Mr. TANNER: Well, I think to some degree this is a sideshow. The fact is that this is a relatively recent change to the welfare reform as part of the reauthorization that passed this year. Prior to this, states could allow education, including college education, to count as meeting the work requirement. Many - and in fact most states actually did - and relatively few women took advantage of it.

The fact is the very same social pathologies that make it difficult for many women on welfare to go to work - substance abuse problems, abusive boyfriends, lack of education experience or job experience before this - are the same problems that make it difficult for them to go on to college.

So I think we're talking about a very small minority of women who would be able to go on and get a college degree and support themselves that way. Instead, what we're talking about is people who get into their first job. It is often a low wage/minimum wage job, often with very few benefits, and it is often difficult to support a family on that.

However, once they get into a job, if they stay in that job, the studies show that their incomes rise and they do end up with benefits as you move on. Four or five years down the road, they're doing much better. It's a matter of getting off the dole and getting into that first job that really counts.

Ms. MALVEAUX: But, Michael, four or five years...

GORDON: One important note, Julianne - with less than a minute to go - when we talk about getting off the dole, we're still talking about very little money coming into a household.

Ms. MALVEAUX: We are. And, Ed, I just want to raise the other issue of healthcare and health insurance. And we look at the bankruptcy bill, another attack on the poor. The most frequent data point is indeed a single woman who has gone into bankruptcy because of a health bill. This was probably a woman who got off public assistance and didn't have the benefits. It takes a while for those benefits to kick in.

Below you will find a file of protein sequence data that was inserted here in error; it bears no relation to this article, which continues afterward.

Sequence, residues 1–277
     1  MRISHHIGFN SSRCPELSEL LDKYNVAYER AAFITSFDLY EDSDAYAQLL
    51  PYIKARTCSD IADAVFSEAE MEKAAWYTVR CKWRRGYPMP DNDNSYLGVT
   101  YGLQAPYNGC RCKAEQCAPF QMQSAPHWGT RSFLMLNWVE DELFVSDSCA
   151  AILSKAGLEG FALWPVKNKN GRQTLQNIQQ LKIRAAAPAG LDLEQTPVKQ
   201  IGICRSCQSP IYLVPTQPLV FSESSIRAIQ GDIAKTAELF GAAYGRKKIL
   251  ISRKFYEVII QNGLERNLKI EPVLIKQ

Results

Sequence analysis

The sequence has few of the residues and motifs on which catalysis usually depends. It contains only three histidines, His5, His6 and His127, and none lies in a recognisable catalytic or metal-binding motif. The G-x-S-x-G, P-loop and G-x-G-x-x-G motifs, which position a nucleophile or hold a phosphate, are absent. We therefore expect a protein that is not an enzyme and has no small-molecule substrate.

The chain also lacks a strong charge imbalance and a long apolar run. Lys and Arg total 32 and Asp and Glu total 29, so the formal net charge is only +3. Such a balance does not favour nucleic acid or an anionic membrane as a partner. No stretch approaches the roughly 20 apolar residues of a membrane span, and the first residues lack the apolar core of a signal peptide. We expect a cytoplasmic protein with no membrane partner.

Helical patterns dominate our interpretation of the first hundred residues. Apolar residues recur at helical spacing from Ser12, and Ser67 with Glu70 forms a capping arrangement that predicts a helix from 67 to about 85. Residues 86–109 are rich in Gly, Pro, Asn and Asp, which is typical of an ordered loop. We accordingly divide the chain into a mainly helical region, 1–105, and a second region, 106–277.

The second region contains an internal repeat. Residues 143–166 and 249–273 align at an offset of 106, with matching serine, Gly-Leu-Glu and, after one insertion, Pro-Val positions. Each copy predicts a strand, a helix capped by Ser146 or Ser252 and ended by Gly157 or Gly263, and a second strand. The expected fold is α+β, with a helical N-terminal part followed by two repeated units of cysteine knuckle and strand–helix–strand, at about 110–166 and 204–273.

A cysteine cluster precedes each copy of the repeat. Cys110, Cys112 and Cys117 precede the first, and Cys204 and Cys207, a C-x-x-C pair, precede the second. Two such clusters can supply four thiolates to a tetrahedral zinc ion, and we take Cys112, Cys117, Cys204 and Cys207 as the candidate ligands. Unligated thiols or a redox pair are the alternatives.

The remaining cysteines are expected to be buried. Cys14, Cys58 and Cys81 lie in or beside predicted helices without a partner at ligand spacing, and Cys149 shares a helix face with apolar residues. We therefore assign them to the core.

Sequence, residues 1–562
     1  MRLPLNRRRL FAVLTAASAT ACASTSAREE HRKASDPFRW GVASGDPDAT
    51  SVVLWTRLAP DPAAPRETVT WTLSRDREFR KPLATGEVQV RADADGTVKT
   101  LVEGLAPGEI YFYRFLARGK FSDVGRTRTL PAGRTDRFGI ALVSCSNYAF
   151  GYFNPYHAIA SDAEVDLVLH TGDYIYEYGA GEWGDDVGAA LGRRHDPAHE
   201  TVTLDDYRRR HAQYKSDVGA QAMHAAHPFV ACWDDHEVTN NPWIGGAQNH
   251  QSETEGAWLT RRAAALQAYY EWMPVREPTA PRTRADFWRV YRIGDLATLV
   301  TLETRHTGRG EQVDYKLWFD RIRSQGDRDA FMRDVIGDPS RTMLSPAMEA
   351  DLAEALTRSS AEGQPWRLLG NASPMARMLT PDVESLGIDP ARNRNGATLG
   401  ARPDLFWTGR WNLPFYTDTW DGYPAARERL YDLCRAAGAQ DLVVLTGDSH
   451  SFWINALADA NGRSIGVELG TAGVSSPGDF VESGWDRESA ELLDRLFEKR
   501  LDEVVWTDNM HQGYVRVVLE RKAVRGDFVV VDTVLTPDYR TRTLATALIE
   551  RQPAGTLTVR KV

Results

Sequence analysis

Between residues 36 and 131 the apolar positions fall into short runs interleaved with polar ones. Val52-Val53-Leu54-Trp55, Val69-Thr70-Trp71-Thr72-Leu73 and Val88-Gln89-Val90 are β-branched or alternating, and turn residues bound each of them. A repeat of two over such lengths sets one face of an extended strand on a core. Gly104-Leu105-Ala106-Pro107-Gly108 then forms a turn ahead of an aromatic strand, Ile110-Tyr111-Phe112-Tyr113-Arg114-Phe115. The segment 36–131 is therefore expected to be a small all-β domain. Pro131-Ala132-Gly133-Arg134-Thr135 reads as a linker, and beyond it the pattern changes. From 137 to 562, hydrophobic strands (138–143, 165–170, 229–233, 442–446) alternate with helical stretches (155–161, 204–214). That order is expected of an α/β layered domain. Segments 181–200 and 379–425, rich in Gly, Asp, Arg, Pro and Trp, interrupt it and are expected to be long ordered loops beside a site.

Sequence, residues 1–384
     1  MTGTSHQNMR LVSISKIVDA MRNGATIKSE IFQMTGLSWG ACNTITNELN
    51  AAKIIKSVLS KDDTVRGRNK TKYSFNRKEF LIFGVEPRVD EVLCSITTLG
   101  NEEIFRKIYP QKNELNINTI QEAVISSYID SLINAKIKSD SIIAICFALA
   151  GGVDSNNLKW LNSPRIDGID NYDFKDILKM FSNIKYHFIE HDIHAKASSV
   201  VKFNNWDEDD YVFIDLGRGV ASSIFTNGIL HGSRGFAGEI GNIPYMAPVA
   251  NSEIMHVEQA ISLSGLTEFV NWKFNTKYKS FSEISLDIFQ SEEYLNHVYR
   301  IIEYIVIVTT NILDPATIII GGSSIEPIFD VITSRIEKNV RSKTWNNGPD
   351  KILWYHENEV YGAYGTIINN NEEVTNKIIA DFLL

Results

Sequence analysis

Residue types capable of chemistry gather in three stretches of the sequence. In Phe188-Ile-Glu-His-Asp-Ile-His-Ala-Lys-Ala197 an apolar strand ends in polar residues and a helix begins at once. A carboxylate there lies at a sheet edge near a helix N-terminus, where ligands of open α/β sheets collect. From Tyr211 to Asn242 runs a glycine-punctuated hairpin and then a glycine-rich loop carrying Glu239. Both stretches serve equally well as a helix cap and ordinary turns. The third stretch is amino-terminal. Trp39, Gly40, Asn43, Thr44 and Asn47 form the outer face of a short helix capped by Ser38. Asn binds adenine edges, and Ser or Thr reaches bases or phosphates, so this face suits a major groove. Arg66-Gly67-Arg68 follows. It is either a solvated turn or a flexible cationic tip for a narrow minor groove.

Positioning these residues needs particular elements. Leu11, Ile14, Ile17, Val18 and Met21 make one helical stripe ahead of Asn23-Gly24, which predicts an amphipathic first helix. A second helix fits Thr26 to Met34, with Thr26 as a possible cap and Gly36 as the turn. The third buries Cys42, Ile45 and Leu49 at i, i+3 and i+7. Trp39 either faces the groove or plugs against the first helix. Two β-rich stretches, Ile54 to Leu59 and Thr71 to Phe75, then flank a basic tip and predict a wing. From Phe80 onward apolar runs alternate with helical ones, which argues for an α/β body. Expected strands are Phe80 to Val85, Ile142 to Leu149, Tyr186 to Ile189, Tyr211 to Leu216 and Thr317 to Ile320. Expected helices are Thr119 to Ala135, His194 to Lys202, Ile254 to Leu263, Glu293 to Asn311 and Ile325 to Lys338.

So we're not talking about a lot of money. Even when these sisters are earning, and it's mostly African-American women, but many white women as well, they're earning $16,000 a year. How do you raise, you know, a couple of kids on $16,000 a year? I mean that's the question that we really have to look at and then really raise questions about the social supports that we must have if we continue in developing a low wage economy.

GORDON: Well, one thing is clear, a decade later, we see that questions remain. Michael tanner is director of health and welfare studies at the Cato Institute, and author of The Poverty of Welfare: Helping Others in Civil Society. And economist and author Julianne Malveaux is president and CEO of Last Word Productions. I thank you both.

Ms. MALVEAUX: Thank you.

Mr. TANNER: Thank you.

GORDON: The 1996 Welfare Law helped move millions of mothers from public assistance into the workforce, but it did little to help the bleak prospects of poor young fathers. Experts weigh in on how government policy could reverse that trend. You can read their suggestions at our Web site at npr.org.

Coming up, New Orleans mayor still believes race played a role in how the city was treated in the wake of Katrina. And the president holds a press conference to defend his foreign policy. We'll discuss these and our other topics on our Roundtable.